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Oral Tracey | The real crisis in local football

Published:Monday | May 6, 2019 | 12:00 AM
Waterhouse defender Shawn Lawes (left) sends Portmore United striker Javon East tumbling to the ground under a challenge during the Red Stripe Premier League final at the National Stadium on Monday, April 29.

The unfortunate spectacle that unfolded in front of the eyes of tens of thousands of local football fans during last week’s grand final of the Red Stripe Premier League (RSPL) between eventual champions Portmore United and Waterhouse Football Club inflicted yet another black eye to the local game and left enough blame to go around for all the culpable parties.

The fans who engaged in the despicable throwing of missiles, the players who went off the top with their aggression and general poor behaviour, the match officials who failed to take and maintain control of the game, the security forces who ineptly reacted instead of being in preventative and proactive mode, and the Professional Football Association of Jamaica (PFAJ), the body responsible for organising and staging the game, should all shoulder varying levels of blame for the high-­profile embarrassment that marred what was supposed to be a spectacular season-ending show.

The reality is that Jamaica ­continues to feel its way around as a football nation, borne out in the naïvety of some of the ­reactions to the reality as it unfolded on Monday night to be totally dependent on the good sense of the fans in the stands and the ­players on the field instead of putting the necessary control systems in place. The obvious lack of understanding of the level of emotions that a big football final would likely evoke was reflected in the appointment of these particular referees and the subsequent way the game was handled. The PFAJ and the security forces did recognise what was at stake, and what was likely to happen in a game of this magnitude, and what should have been put in place.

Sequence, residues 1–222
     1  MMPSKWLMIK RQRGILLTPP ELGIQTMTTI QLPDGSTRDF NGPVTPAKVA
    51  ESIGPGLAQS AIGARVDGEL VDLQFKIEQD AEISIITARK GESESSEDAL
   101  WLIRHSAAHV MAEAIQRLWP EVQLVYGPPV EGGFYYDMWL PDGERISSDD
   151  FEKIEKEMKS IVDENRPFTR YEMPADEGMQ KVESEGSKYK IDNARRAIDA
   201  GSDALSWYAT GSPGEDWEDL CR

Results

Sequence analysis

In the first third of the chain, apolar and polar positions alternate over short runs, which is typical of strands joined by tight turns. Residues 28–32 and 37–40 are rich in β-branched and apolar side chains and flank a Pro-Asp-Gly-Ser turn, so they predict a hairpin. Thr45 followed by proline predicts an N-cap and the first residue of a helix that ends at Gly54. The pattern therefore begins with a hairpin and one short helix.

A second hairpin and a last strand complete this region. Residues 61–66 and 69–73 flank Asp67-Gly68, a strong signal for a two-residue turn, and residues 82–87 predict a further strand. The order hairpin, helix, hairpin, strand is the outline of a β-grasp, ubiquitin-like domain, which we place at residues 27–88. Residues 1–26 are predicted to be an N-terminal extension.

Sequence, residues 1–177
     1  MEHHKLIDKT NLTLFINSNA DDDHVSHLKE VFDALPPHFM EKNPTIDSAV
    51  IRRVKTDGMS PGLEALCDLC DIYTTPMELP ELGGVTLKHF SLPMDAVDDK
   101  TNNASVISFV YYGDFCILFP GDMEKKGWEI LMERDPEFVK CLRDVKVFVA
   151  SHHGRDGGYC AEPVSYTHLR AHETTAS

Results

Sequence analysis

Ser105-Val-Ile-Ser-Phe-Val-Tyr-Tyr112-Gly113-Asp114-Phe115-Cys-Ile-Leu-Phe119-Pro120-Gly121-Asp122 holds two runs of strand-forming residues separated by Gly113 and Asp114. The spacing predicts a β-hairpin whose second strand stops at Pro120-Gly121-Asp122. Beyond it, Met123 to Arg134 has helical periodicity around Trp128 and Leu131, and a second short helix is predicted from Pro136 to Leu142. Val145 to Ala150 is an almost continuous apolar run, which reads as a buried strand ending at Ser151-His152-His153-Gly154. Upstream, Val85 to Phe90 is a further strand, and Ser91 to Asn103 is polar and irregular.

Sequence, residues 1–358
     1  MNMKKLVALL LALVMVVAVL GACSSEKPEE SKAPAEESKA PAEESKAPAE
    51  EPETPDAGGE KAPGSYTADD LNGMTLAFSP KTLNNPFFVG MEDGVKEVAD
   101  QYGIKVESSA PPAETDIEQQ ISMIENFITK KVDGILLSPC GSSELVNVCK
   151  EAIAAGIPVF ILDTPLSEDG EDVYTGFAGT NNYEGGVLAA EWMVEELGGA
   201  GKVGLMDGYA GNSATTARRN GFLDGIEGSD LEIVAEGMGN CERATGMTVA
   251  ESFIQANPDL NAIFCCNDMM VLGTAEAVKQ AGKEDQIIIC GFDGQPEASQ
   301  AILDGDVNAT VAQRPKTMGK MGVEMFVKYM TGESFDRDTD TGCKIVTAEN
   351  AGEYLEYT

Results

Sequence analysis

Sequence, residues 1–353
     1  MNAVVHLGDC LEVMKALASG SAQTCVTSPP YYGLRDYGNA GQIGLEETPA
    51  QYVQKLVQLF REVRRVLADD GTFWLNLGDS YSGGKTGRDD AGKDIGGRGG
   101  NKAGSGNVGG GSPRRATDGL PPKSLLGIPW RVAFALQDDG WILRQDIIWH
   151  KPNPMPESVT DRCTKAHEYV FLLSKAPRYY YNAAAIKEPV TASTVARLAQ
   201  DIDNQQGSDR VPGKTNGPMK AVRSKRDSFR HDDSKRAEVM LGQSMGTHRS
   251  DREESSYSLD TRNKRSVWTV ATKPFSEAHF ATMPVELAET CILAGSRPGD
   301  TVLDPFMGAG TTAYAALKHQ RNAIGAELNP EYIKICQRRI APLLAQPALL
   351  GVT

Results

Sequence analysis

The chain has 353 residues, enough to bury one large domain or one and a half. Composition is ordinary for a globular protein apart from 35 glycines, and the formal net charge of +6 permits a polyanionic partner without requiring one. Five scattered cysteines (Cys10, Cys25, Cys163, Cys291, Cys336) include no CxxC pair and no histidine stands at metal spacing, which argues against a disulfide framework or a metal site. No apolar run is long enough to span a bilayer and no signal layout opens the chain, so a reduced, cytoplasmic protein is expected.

With an open appreciation that Monday night’s fiasco was simply the ugly side of the still wonderful game, my real disappointment was with the poor technical quality of football on show, not just for the Premier league final, but that it was representative of the entire season, as evidenced by the absence of many, if any, star players emerging. The honour of leading goal scorer for the season was shared among three players with a measly 12 goals each. That in itself tells the story.

I have been asking these ­questions over the past month or so: Who is Jamaica’s best football player right now? Who is the standout star of local football? Generations gone by, the names of the top players of the day would be on the lips of every football fan, whether it was Alan ‘Skill’ Cole, Herbert ‘Diego’ Gordon, Lenworth ‘Teacha’ Hyde through to Hector Wright, Theodore ‘Tappa’ Whitmore, and Walter ‘Blacka’ Boyd. At one point or another, these were the near-unanimous choices by Jamaican football fans of the nation’s best player of their time. Who is Jamaica’s best player now? The fact that it is so difficult to come up with a name speaks to the real crisis in the local game.

The conspicuous lack of star power in the league is a sign of a much bigger crisis in local ­football than two players being red-carded for getting into a fight in the heat of battle of the RSPL final. That the appointed team of match officials was unable to handle the ­pressure of the final and that a combination of factors contributed to the game descending into a bottle-throwing fiasco were all regrettable and unfortunate and should be discussed and debated. However, if we are serious about the game of football, we need to at least have a honest understanding of what constitutes the real crisis in local football.